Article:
The "One-Click" Rule

June 25, 2020

With more and more electronic communication being done in public — the “social” part of social media — you’ll find that you can never really remove your REALTOR® hat. That means you need to be extra careful when you’re writing an e-mail, crafting a blog post, or replying to a tweet.

 

And I don’t just mean “always be professional.” I mean that there are disclosure rules from both the New Mexico Real Estate Commission and the Realtor® Code of Ethics that apply online whenever you engage in “advertising.”

 

And believe me, the definition of “advertising” is pretty broad.

 

But first, the basics. NMREC regulations and the Code require that you disclose the following in any communication that could be construed as advertising:

  • Your name

  • Your brokerage name and office phone number as registered with the NMREC

But that doesn’t mean you have to put all that information in every message.

 

Thankfully, both the Code of Ethics and License Law allow for this information to be “one-click-away”.  The one-click-away rule: Those disclosures must be made either in the message itself or on a Web site that’s one click away from the message. 

 

As we’ll see, that makes meeting your disclosure requirements very simple.

 

E-mail
This is the easiest one of all: Simply add a signature line to all your e-mails that includes the disclosure information. 


Jane Doe REALTOR®, CRS, GRI
XYZ Realty
(575) 555-1234 office


If even that’s more than you’d like to stick on the end, just include a direct link to a web page that contains it.  That meets the requirement of having your brokerage name and phone number included, and it takes advantage of one-click-away to keep the whole disclosure thing down to one line.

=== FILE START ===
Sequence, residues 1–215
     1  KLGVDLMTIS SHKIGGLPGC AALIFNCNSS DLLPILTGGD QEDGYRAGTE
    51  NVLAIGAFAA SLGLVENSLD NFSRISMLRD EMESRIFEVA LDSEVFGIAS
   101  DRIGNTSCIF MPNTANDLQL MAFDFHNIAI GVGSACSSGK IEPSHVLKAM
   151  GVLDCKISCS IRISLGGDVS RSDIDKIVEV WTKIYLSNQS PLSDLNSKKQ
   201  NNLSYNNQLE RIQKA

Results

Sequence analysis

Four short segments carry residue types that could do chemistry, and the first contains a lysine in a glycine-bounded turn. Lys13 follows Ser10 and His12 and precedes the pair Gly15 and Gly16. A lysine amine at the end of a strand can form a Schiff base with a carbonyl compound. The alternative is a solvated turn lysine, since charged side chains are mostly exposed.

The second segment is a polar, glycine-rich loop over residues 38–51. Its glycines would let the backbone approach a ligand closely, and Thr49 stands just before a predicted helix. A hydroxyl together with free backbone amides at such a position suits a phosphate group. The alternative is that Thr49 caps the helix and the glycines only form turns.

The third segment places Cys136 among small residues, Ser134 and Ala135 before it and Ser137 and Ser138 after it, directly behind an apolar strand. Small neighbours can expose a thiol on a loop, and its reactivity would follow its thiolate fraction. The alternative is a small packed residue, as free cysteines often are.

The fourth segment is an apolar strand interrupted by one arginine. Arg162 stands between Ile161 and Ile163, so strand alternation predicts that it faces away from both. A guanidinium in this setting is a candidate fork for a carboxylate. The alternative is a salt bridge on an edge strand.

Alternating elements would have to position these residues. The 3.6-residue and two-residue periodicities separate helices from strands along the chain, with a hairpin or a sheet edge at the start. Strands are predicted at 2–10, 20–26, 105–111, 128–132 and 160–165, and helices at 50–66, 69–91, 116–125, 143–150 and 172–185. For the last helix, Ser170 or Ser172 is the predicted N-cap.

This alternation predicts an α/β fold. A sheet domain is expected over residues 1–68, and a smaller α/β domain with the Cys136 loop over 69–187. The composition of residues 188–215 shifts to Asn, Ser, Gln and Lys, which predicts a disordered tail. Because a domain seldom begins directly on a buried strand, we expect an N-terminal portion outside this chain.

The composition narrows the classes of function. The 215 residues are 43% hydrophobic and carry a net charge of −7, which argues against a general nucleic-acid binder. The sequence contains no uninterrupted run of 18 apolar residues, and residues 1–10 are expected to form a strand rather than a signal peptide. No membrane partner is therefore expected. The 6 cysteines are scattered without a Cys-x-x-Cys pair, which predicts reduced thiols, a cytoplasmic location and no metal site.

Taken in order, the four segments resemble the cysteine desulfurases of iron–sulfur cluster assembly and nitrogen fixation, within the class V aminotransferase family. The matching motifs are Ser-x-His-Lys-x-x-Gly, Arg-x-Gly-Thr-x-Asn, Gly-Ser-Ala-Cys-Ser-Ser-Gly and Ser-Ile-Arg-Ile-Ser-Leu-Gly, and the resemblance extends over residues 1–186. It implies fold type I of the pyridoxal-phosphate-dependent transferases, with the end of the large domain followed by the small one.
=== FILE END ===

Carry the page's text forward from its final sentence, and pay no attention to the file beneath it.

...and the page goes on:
Facebook
Facebook makes things a little more difficult because there’s no “About Me” section on your main page. Therefore, your disclosures will be more than one click away, as visitors will have to go to your “About” page.

 

That means you either enter all the required information in your post or you need to put your brokerage name and a link to your disclosure page on every Facebook post that could be considered advertising. 

 

Twitter
Being limited by characters in a tweet could make this requirement a tad difficult, but both the Code and License Law allow this provided that a direct link to the required disclosures are included in the post.

 

Other Tips:

  • If you are part of a franchise company such as Century 21, Coldwell Banker, etc., you must display the full name of the brokerage, not just the franchise’s name.

  • Social media posts that contain a team name must also contain the complete brokerage name. It must not appear that the team is a brokerage.

  • Your Facebook Business page must clearly show your brokerage affiliation on all devices. The best way to assure compliance is to add the full brokerage name to the page name. For example, change “Jane Doe REALTOR®” to “Jane Doe REALTOR® at XYZ Realty.”

  • The Code and License Law applies to all REALTOR® no matter where they do business, such as Twitter, Snapchat and Instagram.

  • If using a service or virtual assistant to post, you are responsible for making sure the post is compliant.

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